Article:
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Turkey buying Russian S-400s a done deal: Erdogan

Turkish president's comments come amid US suggestions Ankara should reconsider buying Russian missile defense system

Ali Murat Alhas and Sibel Morrow   | 06.03.2019
Turkey buying Russian S-400s a done deal: Erdogan


Turkey’s president said Wednesday that Ankara has finalized an agreement on purchasing Russia’s S-400 missile defense system.

"We concluded the S-400 issue, signed a deal with the Russians, and will start co-production,” said Recep Tayyip Erdogan, speaking in a televised interview.

"Later, we may work with S-500s," the next generation system, Erdogan said.

U.S. officials have suggested that Turkey should buy U.S. Patriot missiles rather than the Russian system, arguing the S-400 is incompatible with NATO systems. But Turkish officials have said that Turkey will not go back on its agreement with Russia, even if it were to also buy Patriots.

Countering terrorism

Erdogan said Turkey had dealt heavy blows to the terrorist PKK at home and abroad as never seen before.

"Their strength both in the mountains and cities has been weakened a lot," he said.

He said Turkey would continue its counter-terror operations until the last terror threat against the country is eliminated.

"There has been a tremendous increase in the number of terrorists who surrendered. Participation in the PKK is at its lowest level," Erdogan said, vowing to conduct new operations to destroy the roots of terrorism.

He went on to say that Turkey would destroy such roots regardless of their origin country. 

"We will destroy them in Syria if they are coming from Syria, or in Iraq if they are coming from Iraq.

"Just like we eliminated the terror corridor in Syria, we will strike again if there are new developments there," Erdogan said.

Recalling U.S. discourse on "not targeting Kurds", Erdogan stressed that he warned U.S. President Donald Trump about using the wrong "expressions".

"I told [Trump] that as long as you use these expressions, you will make mistakes. Our struggle is against this [PKK] terror group, not against our Kurdish brothers. There might be Kurds, French, German, British people among this terror group," he said, noting that foreign Daesh terrorists were "from all around the world".

Erdogan said Turkey would target "anyone who targets our soldiers, regardless of their nationality".

Turning to Syria, he said more than 310,000 Syrians had returned to their homes in Jarablus, Azaz, Afrin and Al-Bab. 

"There is peace, freedom and democracy in those areas under Turkey's control."

He said "despite disputes sometimes", Turkey and Russia were maintaining their cooperation against terrorism in Syria's cities of Idlib and Afrin.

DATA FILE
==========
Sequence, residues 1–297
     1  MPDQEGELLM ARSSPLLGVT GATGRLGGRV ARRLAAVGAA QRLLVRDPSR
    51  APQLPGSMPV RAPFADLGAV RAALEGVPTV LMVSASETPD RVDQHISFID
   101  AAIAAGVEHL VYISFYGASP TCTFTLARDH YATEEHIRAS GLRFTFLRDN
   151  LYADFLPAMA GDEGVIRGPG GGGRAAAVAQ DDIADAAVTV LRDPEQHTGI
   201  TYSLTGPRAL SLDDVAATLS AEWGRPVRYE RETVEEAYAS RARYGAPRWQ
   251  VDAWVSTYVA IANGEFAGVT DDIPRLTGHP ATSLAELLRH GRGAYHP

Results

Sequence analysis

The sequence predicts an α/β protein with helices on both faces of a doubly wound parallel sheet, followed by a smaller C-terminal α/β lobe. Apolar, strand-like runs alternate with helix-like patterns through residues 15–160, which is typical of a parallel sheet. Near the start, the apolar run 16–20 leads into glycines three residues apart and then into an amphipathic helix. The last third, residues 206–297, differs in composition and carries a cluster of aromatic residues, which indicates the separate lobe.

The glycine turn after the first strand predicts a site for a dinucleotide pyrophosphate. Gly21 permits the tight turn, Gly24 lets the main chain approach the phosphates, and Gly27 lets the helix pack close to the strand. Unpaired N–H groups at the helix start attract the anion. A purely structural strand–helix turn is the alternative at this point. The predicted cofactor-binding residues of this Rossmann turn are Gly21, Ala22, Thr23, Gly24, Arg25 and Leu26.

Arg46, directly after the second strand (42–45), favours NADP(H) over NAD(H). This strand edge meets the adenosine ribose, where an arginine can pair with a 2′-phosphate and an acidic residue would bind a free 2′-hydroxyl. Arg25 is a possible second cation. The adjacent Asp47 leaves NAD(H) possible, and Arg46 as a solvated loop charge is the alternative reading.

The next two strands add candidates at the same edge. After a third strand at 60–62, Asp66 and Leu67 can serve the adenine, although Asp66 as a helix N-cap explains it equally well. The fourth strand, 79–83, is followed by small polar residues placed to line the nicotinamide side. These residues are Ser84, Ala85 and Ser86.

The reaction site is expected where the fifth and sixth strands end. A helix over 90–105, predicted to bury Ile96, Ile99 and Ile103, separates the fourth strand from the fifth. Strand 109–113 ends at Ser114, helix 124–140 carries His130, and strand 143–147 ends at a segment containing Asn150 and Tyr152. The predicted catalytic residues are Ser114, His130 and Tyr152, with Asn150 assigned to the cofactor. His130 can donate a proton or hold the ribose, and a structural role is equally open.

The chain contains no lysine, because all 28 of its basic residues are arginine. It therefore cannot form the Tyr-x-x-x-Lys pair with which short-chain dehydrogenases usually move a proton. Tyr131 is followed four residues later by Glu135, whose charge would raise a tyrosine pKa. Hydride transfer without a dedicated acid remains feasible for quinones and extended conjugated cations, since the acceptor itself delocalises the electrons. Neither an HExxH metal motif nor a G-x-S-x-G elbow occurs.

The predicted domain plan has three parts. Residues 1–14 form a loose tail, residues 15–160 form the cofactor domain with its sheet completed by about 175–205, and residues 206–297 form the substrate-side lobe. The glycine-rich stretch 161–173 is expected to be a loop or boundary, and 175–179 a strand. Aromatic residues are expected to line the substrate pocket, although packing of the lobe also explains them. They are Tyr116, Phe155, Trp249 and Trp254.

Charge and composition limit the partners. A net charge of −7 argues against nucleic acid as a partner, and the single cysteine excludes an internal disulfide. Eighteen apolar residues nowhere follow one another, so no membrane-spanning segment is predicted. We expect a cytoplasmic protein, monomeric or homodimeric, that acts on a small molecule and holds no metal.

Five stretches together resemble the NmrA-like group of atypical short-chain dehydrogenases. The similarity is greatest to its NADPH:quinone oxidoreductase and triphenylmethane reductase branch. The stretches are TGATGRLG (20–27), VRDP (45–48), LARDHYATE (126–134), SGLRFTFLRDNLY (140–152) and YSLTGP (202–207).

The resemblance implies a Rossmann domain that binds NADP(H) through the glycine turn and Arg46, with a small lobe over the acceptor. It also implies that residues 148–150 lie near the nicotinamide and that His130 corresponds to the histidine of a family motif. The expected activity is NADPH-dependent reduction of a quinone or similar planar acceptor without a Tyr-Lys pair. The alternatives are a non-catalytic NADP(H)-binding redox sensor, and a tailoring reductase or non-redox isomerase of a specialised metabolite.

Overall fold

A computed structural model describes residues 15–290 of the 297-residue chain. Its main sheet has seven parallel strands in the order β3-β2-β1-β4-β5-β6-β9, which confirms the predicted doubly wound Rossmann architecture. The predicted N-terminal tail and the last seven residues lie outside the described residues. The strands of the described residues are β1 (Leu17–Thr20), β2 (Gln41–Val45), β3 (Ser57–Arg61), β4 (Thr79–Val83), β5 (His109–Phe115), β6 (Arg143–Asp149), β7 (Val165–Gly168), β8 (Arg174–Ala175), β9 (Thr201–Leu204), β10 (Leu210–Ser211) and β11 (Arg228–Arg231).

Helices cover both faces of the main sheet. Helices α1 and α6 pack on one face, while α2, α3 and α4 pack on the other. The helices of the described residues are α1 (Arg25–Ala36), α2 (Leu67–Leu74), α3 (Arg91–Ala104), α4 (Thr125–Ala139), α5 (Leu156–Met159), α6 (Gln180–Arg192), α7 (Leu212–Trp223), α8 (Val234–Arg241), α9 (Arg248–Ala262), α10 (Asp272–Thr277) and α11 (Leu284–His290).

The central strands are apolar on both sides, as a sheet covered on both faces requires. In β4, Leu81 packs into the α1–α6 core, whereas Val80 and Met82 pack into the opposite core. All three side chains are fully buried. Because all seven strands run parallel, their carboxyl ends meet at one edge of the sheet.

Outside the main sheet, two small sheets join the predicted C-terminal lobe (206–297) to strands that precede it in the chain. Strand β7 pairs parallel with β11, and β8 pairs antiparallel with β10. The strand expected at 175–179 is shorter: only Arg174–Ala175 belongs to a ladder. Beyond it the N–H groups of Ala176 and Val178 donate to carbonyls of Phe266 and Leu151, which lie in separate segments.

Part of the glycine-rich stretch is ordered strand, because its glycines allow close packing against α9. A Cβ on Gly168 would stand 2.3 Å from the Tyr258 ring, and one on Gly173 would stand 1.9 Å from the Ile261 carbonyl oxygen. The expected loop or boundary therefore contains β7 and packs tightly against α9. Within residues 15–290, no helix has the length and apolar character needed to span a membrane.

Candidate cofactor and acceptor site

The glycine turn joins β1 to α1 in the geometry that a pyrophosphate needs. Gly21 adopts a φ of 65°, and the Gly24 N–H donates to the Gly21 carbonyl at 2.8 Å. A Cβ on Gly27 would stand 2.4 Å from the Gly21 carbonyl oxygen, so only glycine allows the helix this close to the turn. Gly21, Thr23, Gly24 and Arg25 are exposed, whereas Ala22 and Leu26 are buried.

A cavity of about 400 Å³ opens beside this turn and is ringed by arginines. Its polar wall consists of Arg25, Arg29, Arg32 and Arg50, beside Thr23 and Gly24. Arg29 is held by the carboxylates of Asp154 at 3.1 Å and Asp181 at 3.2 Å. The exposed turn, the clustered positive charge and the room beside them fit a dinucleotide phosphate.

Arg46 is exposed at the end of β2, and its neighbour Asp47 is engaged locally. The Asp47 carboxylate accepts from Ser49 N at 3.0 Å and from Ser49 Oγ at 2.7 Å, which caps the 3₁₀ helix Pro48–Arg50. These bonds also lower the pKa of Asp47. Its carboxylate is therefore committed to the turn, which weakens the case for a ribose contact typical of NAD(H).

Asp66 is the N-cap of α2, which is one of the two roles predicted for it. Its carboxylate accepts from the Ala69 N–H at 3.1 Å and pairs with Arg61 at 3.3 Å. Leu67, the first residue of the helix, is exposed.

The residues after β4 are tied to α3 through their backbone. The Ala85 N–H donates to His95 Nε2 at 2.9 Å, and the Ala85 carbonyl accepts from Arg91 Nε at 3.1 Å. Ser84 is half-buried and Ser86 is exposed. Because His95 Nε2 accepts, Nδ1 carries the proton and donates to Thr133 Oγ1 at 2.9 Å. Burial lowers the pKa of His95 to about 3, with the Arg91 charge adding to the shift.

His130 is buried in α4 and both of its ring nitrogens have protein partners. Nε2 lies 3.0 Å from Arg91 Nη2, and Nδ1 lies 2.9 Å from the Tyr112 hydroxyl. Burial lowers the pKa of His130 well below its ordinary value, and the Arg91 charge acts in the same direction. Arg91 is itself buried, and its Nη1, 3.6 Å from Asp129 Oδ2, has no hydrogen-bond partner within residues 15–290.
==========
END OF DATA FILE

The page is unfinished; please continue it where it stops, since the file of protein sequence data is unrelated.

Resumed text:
Safe Zone

On the safe zone in Syria, Erdogan recalled that he had first proposed establishing a safe zone to former U.S. President Barrack Obama.

Erdogan said the safe zone must be controlled by Turkey and no other country would be allowed to share control.

"Because an attack from there [Syria] is possible at any moment.

"Let me tell you what they [the U.S.] will do; they will give control of this area to the YPG and PYD. It is not possible for Turkey to accept this."

Hailing Trump's "firm stance" on Syria’s safe zone, Erdogan said the U.S. "deep state" might be blocking the process.

"However, the U.S. must put an end to its ties with the PYD/YPG terror group."

In December, Trump announced plans to withdraw all 2,000 American troops from the war-torn country, saying the U.S.-led coalition had succeeded in militarily defeating Daesh.

Last month, however, the Trump administration backtracked, saying some 200-400 troops would remain in Syria as part of a peacekeeping effort.

U.S. military personnel have since said that a couple hundred troops will remain in the region, with forces staying in northeast Syria to create a "safe zone" as well as forces being stationed at the al-Tanf garrison in southern Syria.

Last week, while speaking to U.S. troops at Elmendorf Air Force Base in Alaska, Trump said that 100 percent of Daesh territory had been taken over.

US weapons in Syria

Erdogan warned the U.S. about the weapons they had given to terrorists in Syria and said the U.S. statement that they had the serial numbers of these weapons was not a solution.

He stressed that Turkey faced the same problem in Iraq and the weapons had been left to the PKK terror group.

"If the U.S. is to take weapons out of Syria, they can, as they are their own property. However, if they won't, give them to Turkey. If it is needed, we can sit at the negotiating table and buy them. They must not give these weapons to the terrorists," he said, referring to the YPG/PKK.

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